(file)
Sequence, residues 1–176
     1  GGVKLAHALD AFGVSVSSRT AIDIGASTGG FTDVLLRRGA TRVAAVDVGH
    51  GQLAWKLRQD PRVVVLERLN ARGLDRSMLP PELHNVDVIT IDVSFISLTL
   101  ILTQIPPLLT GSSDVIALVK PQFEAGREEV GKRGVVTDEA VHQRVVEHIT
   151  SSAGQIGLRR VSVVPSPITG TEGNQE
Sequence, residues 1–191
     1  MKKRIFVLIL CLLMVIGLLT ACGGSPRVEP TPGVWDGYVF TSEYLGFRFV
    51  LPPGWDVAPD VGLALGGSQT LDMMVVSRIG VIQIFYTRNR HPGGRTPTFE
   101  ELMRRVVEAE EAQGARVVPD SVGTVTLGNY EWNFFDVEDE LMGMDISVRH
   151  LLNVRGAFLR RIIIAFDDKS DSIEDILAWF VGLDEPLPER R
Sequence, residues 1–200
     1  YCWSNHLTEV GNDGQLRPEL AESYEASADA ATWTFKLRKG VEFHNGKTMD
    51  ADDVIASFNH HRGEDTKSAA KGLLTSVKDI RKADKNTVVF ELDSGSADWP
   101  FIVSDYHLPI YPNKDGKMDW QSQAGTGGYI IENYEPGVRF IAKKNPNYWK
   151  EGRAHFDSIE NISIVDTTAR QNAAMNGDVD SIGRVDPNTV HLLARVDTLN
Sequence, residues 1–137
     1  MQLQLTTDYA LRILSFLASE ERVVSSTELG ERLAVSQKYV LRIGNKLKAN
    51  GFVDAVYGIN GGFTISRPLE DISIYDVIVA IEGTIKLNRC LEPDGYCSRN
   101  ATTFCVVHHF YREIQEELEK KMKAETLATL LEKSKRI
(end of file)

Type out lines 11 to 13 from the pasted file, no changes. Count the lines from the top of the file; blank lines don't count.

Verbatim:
Sequence, residues 1–200
     1  YCWSNHLTEV GNDGQLRPEL AESYEASADA ATWTFKLRKG VEFHNGKTMD
    51  ADDVIASFNH HRGEDTKSAA KGLLTSVKDI RKADKNTVVF ELDSGSADWP